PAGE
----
COPD, chronic obstructive pulmonary disease, is a term given to a group of lung diseases that make it harder to breathe air out of the lungs. These lung diseases can include emphysema, chronic bronchitis, bronchiectasis and sometimes asthma. There is a little bit of confusion as to what the difference between emphysema and COPD is, as you can have COPD without emphysema, but you cannot have emphysema without COPD.
What Is COPD?
As stated above, COPD stands for chronic obstructive pulmonary disease. It is more of an overall term used for different kinds of lung disease. COPD can hinder your normal breathing and typically stays with you throughout your entire life and gets worse over time. There are numerous symptoms that can go along with COPD including shortness of breath, wheezing, coughing, chest pains and the overproduction of mucus in the airways.
There are four different stages of COPD which are measured by how much air you displace during a forced breath. During the first stage of COPD, the amount of air you displace will be above 80%; however, by the fourth stage, it will be below 35%.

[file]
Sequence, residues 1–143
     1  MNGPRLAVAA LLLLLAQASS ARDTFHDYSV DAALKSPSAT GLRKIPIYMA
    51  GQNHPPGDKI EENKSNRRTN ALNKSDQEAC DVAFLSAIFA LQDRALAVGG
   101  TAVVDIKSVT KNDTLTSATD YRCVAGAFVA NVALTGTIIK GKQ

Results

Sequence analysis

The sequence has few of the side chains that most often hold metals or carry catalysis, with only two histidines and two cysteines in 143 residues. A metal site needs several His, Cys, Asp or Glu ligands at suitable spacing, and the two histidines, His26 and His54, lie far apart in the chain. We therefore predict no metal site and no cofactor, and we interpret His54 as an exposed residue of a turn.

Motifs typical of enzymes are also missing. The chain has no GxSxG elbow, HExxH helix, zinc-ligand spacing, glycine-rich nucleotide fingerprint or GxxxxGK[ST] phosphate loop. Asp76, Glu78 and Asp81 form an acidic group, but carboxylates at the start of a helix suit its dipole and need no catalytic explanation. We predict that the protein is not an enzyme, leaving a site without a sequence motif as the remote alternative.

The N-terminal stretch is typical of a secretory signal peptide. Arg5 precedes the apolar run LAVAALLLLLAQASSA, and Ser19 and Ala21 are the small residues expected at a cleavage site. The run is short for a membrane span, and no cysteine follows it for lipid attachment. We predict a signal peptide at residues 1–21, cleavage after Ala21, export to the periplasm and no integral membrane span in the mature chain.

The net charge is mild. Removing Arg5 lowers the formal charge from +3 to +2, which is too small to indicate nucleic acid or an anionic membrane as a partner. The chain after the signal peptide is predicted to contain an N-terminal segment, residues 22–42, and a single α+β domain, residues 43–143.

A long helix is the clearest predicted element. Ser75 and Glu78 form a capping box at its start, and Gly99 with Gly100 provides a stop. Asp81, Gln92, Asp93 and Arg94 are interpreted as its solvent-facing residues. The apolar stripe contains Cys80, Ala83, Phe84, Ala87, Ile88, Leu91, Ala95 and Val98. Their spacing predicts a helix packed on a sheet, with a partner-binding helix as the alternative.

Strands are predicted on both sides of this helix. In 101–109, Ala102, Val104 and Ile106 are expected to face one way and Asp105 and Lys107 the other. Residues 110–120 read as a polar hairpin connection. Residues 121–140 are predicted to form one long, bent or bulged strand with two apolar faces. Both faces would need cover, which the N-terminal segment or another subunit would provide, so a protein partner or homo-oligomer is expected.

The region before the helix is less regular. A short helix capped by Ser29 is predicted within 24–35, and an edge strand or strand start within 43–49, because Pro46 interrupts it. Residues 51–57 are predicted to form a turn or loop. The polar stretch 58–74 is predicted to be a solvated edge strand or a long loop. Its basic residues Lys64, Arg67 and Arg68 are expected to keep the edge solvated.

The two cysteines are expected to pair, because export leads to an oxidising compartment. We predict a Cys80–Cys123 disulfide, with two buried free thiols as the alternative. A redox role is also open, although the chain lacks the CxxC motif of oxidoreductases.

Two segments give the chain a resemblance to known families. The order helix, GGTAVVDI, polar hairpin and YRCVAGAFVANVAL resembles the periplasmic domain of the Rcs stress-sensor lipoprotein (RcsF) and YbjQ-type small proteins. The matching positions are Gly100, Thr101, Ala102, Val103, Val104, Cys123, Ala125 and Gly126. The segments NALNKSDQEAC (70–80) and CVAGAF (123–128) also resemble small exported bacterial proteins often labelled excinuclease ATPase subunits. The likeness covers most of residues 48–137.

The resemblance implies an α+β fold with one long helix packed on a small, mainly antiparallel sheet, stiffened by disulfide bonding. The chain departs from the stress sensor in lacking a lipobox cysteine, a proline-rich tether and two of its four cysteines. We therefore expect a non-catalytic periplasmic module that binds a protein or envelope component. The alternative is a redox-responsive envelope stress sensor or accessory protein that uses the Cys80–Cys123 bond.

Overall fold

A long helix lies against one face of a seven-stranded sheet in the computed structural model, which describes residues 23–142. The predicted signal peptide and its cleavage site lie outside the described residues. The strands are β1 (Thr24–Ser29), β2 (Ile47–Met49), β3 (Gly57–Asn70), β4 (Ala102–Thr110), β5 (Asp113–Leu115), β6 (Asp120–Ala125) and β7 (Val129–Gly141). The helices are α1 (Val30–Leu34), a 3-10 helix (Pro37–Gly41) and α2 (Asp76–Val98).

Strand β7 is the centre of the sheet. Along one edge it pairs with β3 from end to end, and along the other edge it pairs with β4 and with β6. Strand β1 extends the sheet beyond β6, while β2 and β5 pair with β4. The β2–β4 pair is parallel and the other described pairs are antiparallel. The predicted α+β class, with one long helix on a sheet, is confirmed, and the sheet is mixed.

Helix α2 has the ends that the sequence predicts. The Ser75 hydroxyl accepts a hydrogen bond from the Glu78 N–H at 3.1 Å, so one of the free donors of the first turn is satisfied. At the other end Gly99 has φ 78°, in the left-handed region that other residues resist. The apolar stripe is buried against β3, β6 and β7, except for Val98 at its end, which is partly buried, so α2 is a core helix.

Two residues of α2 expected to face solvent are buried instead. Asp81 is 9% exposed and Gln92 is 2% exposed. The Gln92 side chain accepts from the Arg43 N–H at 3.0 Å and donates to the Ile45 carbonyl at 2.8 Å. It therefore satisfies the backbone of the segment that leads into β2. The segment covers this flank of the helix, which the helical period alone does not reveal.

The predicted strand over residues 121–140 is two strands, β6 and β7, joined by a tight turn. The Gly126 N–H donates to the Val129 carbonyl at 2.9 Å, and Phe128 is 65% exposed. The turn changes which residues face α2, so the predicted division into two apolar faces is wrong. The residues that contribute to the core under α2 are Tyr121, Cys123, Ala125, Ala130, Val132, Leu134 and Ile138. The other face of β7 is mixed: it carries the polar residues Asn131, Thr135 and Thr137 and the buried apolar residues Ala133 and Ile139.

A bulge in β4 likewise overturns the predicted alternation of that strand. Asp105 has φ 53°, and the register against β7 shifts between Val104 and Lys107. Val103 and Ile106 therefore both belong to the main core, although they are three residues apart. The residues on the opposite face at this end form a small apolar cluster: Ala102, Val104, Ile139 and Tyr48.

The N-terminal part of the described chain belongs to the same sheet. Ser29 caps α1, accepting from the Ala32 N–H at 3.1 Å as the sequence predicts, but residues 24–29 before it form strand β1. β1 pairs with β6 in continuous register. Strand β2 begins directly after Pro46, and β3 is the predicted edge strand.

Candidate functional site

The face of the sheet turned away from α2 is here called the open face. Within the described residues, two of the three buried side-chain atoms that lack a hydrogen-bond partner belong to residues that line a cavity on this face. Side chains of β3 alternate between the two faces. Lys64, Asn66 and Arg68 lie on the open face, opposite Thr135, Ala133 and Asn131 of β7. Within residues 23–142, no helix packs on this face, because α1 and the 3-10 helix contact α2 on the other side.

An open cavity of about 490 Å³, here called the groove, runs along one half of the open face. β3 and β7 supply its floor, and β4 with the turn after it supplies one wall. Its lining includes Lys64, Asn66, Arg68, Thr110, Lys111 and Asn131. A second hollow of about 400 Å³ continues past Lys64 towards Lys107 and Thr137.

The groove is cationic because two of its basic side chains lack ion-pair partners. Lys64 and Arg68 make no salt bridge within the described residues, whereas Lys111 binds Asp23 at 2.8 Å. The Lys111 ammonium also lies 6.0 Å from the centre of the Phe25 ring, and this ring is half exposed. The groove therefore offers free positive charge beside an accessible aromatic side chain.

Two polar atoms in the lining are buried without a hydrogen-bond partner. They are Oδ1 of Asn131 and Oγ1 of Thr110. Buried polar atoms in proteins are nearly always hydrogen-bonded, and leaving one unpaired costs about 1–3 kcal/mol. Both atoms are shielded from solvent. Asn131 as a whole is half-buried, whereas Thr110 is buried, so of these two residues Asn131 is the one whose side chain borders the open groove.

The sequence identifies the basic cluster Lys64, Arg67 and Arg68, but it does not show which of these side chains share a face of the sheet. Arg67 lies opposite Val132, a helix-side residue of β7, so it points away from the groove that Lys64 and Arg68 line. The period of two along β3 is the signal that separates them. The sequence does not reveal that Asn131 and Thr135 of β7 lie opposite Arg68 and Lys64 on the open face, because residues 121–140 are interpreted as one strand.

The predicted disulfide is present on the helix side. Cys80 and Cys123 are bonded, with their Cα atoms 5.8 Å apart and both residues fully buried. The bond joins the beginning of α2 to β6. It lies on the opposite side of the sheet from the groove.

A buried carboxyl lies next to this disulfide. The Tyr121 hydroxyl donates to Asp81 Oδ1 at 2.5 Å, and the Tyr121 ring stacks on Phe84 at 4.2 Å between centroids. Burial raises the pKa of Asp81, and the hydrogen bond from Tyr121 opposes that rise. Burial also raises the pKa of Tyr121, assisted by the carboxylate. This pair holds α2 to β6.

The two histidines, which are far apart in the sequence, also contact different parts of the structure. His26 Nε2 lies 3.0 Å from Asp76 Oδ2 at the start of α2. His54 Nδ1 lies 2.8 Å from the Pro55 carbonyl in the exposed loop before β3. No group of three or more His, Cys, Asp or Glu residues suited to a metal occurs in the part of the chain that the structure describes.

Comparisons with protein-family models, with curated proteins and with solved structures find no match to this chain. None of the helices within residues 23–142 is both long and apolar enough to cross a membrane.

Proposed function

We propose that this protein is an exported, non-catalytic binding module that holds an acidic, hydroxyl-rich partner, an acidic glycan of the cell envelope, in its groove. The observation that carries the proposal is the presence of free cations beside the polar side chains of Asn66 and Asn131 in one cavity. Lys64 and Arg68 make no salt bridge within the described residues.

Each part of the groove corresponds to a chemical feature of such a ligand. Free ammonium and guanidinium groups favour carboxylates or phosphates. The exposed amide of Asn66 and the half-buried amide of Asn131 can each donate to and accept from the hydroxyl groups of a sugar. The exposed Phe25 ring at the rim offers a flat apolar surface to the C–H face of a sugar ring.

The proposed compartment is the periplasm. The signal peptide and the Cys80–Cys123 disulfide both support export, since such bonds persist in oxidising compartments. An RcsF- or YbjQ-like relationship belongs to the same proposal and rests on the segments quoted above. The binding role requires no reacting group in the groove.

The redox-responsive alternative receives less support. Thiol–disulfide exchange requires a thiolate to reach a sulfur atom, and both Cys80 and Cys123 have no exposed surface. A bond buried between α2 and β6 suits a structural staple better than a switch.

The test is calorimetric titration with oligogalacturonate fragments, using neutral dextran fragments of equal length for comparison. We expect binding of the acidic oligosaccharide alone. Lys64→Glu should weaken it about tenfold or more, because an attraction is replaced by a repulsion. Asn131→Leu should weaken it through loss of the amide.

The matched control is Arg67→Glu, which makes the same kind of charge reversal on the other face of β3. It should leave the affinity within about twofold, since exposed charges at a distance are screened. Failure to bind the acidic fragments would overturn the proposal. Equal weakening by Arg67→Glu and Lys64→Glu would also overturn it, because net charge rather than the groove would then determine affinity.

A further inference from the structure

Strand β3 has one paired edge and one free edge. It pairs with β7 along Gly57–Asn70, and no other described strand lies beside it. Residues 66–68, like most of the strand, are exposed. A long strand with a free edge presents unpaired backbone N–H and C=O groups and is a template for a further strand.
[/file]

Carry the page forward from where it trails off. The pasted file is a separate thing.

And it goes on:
What Is Emphysema?
Emphysema is classified under COPD but the two are not interchangeable. For example, someone can be diagnosed with COPD without also being diagnosed with emphysema as they could be suffering from chronic bronchitis.
When someone is suffering from emphysema, their lungs are damaged to the point where they cannot fix them. Emphysema affects either the walls between the air sacs in your lungs or the air sacs themselves. These air sacs are where your lungs and blood exchange oxygen and carbon dioxide when you breathe. The outcome of this then would be fewer larger air sacs rather than the multitude of air sacs that a healthy person would have.
What Is the Cause of COPD and Emphysema?
The leading reason for someone to develop COPD including emphysema is smoking cigarettes. Most people who have been diagnosed with COPD/emphysema either smoke or have smoked cigarettes at some point in their lives. Although COPD has other factors that could contribute to it including air pollutants, chemical fumes, dust and other irritants, the fact that smoking is the leading cause means that this disease is highly preventable.
There is a way to determine if you have COPD or not and that is through the Pulmonary Function Test (PFT). If you think that you may have COPD and want to learn more about this test, you can look on our website or you can contact us.